Ferries flowing into history in remote China

(Xinhua) 09:39, September 15, 2023

This aerial photo taken on July 11, 2023 shows a view of a section of the Wujiang River in Zhucang Township of Weng'an County, southwest China's Guizhou Province. (Xinhua/Yang Wenbin)

GUIYANG, Sept. 14 (Xinhua) -- Lu Xiyong treasures a photograph capturing him holding a bamboo pole to push the ferry away from the shore.

The photo was taken in 2022. On that very day, he returned the boat he had worked on for 18 years to the government, bidding farewell to his days as a ferryman.

Lu, 60, lives in Fengyan, a small village next to Wujiang River in Weng'an County, located in southwest China's Guizhou Province.

Situated on the eastern side of Wumeng Mountain, Wujiang River is considered the mother river of Guizhou. The flowing river water has nourished neighboring villages while also hindering the travel of villagers. During the days of poor road infrastructure, ferries served as a primary mode of transportation for locals.

However, with the expansion of rural road networks in the mountainous areas, ferries have gradually faded into history.

Shuangchi Ferry Dock, where Lu used to work, had a history of up to a century.

"Villagers turned to ferries when visiting relatives or going to market fairs. It was normal to ferry more than a dozen times a day," Lu recalled. "But the road conditions alongside the river were poor. It took up to an hour for villagers to trek to the dock."

Lu said he cannot recall precisely when the decline in ferry passengers began. After the road facilities improved, it's now only a 10-minute drive to the dock.

"More roads mean less demand for ferries," he said, adding that less cargo was delivered by ferries.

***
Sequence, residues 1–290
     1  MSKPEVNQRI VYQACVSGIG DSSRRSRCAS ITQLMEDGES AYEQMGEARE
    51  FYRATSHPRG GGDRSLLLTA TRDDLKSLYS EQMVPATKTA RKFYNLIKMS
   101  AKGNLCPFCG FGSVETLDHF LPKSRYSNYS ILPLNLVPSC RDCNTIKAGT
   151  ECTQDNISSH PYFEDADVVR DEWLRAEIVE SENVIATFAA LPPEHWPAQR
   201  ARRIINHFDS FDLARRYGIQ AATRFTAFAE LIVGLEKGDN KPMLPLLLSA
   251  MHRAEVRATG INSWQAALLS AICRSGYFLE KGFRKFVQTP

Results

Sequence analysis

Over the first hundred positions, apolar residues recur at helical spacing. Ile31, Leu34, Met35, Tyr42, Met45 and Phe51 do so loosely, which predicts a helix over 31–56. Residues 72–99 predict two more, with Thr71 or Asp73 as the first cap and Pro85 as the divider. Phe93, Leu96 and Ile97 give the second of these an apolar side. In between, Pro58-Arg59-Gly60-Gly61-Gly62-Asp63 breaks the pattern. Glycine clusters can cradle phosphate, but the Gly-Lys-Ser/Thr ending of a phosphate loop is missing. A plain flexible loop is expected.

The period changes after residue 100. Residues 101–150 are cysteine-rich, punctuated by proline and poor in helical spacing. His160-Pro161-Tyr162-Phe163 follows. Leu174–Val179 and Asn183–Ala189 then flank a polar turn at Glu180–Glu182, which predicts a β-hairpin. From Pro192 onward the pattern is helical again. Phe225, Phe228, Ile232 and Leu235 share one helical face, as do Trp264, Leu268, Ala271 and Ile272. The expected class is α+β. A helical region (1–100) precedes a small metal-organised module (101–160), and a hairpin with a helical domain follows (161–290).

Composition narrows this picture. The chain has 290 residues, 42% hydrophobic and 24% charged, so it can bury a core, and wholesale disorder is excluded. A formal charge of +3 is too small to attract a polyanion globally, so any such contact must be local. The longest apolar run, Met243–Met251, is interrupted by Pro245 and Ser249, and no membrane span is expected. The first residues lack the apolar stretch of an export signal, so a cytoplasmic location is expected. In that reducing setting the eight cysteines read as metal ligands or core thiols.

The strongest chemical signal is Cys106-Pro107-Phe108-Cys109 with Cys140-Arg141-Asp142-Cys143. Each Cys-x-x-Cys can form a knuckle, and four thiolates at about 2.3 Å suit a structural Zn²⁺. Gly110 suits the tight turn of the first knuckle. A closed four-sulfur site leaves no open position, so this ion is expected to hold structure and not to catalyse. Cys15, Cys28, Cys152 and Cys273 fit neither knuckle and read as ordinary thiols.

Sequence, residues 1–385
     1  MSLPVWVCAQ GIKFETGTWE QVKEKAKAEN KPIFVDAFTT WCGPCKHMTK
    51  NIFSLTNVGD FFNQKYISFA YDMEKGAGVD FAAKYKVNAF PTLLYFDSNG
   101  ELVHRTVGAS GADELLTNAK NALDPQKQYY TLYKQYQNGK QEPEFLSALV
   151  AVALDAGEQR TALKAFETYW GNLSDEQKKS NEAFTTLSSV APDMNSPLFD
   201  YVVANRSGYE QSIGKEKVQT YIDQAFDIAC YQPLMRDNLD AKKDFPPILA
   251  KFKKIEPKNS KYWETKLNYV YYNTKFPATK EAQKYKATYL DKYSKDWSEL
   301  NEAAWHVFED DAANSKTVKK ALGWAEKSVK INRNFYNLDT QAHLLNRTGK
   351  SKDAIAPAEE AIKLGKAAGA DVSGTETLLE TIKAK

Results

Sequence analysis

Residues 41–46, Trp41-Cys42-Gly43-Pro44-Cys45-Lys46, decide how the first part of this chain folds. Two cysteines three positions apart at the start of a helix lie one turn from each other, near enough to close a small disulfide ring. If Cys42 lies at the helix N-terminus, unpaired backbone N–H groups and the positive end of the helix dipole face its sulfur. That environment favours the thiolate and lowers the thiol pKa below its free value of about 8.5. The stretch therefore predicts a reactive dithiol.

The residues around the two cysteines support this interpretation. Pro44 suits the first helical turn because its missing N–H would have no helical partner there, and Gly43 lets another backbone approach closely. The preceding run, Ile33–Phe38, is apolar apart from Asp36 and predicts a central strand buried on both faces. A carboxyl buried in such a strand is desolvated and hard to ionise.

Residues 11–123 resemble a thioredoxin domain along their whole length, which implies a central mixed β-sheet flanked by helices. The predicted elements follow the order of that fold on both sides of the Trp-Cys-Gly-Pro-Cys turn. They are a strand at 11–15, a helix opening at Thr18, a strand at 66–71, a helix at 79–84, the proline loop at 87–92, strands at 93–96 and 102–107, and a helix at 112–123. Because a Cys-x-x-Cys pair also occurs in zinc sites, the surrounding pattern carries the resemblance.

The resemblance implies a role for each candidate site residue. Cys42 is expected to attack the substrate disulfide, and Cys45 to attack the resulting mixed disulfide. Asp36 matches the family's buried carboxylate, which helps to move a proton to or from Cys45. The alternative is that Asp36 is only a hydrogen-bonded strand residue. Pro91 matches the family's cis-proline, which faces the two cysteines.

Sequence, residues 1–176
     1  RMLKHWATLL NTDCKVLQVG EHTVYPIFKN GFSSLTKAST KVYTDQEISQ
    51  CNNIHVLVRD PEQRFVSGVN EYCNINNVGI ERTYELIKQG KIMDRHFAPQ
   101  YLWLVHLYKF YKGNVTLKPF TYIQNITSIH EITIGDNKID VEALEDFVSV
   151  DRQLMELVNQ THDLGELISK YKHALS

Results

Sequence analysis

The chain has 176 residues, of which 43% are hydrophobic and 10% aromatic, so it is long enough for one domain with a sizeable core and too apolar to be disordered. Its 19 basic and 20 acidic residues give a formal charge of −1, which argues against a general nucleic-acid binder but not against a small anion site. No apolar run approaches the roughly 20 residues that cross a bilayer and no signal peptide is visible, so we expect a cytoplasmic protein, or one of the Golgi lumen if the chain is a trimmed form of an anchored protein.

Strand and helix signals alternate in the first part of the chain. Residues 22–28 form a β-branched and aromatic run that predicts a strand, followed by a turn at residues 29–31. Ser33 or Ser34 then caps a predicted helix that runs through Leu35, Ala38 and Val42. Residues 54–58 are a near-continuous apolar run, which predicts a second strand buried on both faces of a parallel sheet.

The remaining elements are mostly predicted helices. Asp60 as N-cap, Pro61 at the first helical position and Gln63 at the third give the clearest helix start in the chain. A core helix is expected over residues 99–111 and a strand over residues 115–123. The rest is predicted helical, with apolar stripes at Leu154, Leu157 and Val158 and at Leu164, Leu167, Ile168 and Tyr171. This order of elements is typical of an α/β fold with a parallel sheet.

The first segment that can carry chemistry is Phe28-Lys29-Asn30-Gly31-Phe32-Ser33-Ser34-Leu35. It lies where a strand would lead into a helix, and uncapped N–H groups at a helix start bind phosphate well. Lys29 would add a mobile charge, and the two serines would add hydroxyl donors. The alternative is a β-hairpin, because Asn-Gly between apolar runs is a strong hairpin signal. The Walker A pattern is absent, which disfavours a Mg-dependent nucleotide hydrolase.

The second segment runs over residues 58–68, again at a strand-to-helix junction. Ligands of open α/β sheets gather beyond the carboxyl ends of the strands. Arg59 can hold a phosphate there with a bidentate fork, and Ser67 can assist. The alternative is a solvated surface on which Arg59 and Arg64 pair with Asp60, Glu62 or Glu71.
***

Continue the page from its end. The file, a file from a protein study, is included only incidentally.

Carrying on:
In addition to farming, Lu now volunteers to collect garbage from the river water.

Lu Xiyong (R) and Ran Maoying, Lu's wife, clean up floating garbage on the Wujiang River in Zhucang Township of Weng'an County, southwest China's Guizhou Province, July 11, 2023. (Xinhua/Yang Wenbin)

Huang Jiangkai, deputy head of the county's transport bureau, said the county has formed a road network of six expressways and more than 1,500 km of rural roads.

"Ferries have been replaced by roads," said Huang, adding that the number of ferry docks in the county's four townships along the river has declined from 11 to one since 2022.

In Yuqing County, Maluo Ferry Dock is one of the only four ferry docks that are still in operation, while the other 23 have all closed.

Shang Kongli and his wife are the third generation of his family engaged in the ferry business.

Shang said that their business was running well when they took over from their uncle in 2011, with dozens of passengers crossing the river daily during peak periods.

In 2015, when an expressway became operational, cutting the travel time from their village to the other side of the river to half, the number of villagers using the ferry dwindled significantly.

To make a living, Shang decided to leave the ferry boat to his wife and he went to the provincial capital Guiyang to find a job. Song Meimai, Shang's wife, was engaged in orange farming to earn extra income.

According to Song, while enhanced transportation options have impacted the ferry business, they have also been compensated for their losses in another way.

This aerial photo taken on March 30, 2023 shows the Wujiang grand bridge, a main project on the expressway linking Dejiang and Yuqing, in southwest China's Guizhou Province. (Xinhua/Tao Liang)

"In the past, I had to carry oranges, pigs and other agricultural products down the mountain for sale. Now, the buyers can directly drive to our doorstep, saving much time and making the sale much easier," said Song, 33.

Gao Zhan, a transportation official in the county, said that over 2,000 km of rural roads have been built in the county, and every township is accessible via an expressway within a 20-minute drive.

"Wujiang River is no longer an obstacle for transportation. Ferries have gradually become history," said Gao.

China, with a vast rural area, has built or upgraded 1.25 million km of rural roads over the past five years. All townships and villages where conditions permit are now connected by paved roads and linked to bus networks, according to the government work report released earlier this year.

(Web editor: Zhang Kaiwei, Liang Jun)


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